Two years ago today, Lucca Ravioli said arrivederci to San Francisco — a sad and somewhat holy day that drew celebrities and neighborhood folk alike to the store, to say goodbye, thank you, and to remember the good times.
After the Feno family sold the building and the surrounding property in early 2019 for $7 million, the storefront on the southwestern corner of 22nd and Valencia streets sat dark and dusty. Michael Feno, Lucca’s fourth-generation owner, retreated to a hobby farm in Sebastopol. And for the regular passerby, the natural question became: What could possibly be next?
Sure enough, in early 2020, there were signs of life. Plywood signs with hearts encasing “94110,” “SFFD,” and “CA” were placed in the windows.
Peering in, there was a desk made from a slab of wood set over two sawhorses. As the pandemic drew on, a collection of curios began to accumulate: ‘70s and ‘80s-era record albums, stacks of books, D.C. comic book posters featuring Batman and the Joker, Warriors jerseys, and even a pink lego the size of a footrest.
But the biggest enigma was a bald, 50-ish looking man who sat at the raised desk in the center of it all — working on a laptop, usually with large headphones around his neck. At the height of the pandemic, he was often accompanied by a bottle of brown alcohol and gibraltar glass.
His name is Rory Lydon, and he lives several blocks away from the Lucca building. According to his Linkedin profile, he’s had a long career as a computer engineer, having worked for various large tech companies — Apple, Google, and Adobe, to name a few. He does not own the building, but rather rents from Ted Plant who, with partners, bought the building for $1.7 million in April, 2019.
As time has gone on, this reporter, like many who regularly walk the Valencia Street corridor, has wondered just exactly what Lydon is doing. The storefront, after all, is one that many regard as sacred ground. As one longtime resident put it: “People want to know.” And by all appearances, Lydon hasn’t done much more than transform the space into a man cave filled with random bric-a-brac, and one we’re forced to look at but make no sense of.
He’s repeatedly declined to speak about his plans with Mission Local.
“I can’t figure out what that place is,” said Marilyn Brown, a woman walking her dog past the store on Monday morning, echoing a common sentiment. “It’s far from Lucca’s — I’ll tell you that.”
Owners of surrounding businesses, residents, and even the landlord, Plant, said Lydon plans to open up something artistic. “Artist space” and “studio art gallery” were the most common answers. One person recalls Lydon saying he wanted to install a basketball hoop inside.
“He’s got a lot of interesting retail ideas with an artistic” bent, Plant said. But he declined to go further, explaining, “I think he (Lydon) wants to describe the business in his own way.”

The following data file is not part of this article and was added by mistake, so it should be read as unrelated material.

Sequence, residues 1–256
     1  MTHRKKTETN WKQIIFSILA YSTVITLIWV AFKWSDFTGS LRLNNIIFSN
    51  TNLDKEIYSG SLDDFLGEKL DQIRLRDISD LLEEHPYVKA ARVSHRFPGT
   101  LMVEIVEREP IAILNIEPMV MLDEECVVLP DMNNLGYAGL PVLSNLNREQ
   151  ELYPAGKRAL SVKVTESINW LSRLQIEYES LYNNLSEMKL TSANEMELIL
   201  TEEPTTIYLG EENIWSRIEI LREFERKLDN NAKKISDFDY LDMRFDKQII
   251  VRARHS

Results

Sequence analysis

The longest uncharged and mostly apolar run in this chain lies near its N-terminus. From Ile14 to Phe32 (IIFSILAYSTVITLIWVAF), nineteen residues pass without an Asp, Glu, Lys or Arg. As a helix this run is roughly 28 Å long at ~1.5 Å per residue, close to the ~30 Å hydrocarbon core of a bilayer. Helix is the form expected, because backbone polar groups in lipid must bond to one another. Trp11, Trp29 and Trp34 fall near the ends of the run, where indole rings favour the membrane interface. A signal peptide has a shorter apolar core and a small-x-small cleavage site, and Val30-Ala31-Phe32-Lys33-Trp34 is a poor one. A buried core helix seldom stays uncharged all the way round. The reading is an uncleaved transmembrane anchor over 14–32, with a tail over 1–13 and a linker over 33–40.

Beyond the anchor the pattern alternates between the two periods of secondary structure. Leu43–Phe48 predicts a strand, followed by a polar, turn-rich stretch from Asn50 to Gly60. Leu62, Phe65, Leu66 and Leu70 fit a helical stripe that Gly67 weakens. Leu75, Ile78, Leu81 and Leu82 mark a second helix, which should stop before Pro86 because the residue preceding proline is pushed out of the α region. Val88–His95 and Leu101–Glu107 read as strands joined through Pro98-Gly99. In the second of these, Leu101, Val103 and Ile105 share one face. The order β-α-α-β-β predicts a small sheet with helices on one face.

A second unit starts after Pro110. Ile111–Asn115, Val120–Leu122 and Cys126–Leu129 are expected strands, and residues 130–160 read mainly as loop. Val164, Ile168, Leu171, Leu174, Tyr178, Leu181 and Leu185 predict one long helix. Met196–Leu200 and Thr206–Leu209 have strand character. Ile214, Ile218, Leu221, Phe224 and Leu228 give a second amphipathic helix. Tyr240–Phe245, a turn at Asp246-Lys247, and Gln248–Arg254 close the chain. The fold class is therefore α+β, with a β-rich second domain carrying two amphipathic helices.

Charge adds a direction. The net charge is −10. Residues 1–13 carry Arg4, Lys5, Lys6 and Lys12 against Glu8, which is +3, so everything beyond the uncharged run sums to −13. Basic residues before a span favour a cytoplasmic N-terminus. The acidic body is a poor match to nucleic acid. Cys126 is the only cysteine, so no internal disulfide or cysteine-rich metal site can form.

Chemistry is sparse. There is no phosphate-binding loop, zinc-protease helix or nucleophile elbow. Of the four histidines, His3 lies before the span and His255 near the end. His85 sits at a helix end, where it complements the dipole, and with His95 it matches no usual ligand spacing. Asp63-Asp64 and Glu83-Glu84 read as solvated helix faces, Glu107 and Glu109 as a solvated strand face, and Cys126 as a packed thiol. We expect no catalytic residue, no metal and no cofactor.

But now, more than a year after he moved in, Lydon remains resistant to explaining his vision to Mission Local and curious passersby. In July, he told Mission Local via email that we were “pushin’ a big button” by asking him questions.
“One of the major reasons I retired from the damn Valley many years ago was to avoid anyone else’s arbitrary deadlines ever crampin’ my creativity again,” he wrote. “I’m frankly not sure I understand the urgency.”
He also implied that we should be grateful for his presence there. “What seems unappreciated or forgotten in this question – apart from a wee pandemic and minor social unrest – is that everyone woulda normally have been starin’ at the dread brown paper or sheets of shite ply since FEB 14TH,” he wrote, presumably referring to his move-in date.
This reporter approached Lydon on Monday and was similarly rebuffed. Lydon said only that we’d know something in the “fall,” before walking away and turning up his music — the Rolling Stones’ “Sympathy for the Devil” — and resuming work on the floors, which appear completely torn up.
The Planning Department in March slapped Lydon and the building owners with a “Notice of Enforcement,” saying that Lydon had improperly converted the space from a retail sales establishment to a place for “arts activities” without authorization. But a Planning Department spokesperson said the issues are being resolved.
Despite how press-shy Lydon may be, surrounding businesses generally described the computer engineer/creative type as a nice and generous person. “He’s a really great guy,” said Leila Mansur, the owner of the Radio Habana Social Club across the street. “He’s been at it all year.”
She said she was happy that the space is becoming an artist studio, as opposed to something like an upscale chocolate factory. “It could have been so wrong, but it wasn’t,” she said.
Oliva Ongpin, the owner of Luna Rienne Gallery at 22nd and Valencia streets, a small art gallery that sits only yards away from Lydon’s forthcoming business, said she’s received numerous calls about what Lydon is up to. Other than an art space, she has no clue: “I am kind of also generally curious.”
“I am trying to give him the benefit of the doubt,” she added. “It’s better than it being boarded up.”
Plant believed Lydon is a good steward of the space formerly occupied by Lucca, explaining that he has worked hard to keep the painted “Lucca” sign on the building’s northern exterior wall free of graffiti.
“I don’t know if the next person would be quite as attentive,” he said.
So, stay tuned. Hopefully, soon, Lydon will be ready to reveal his grand plan.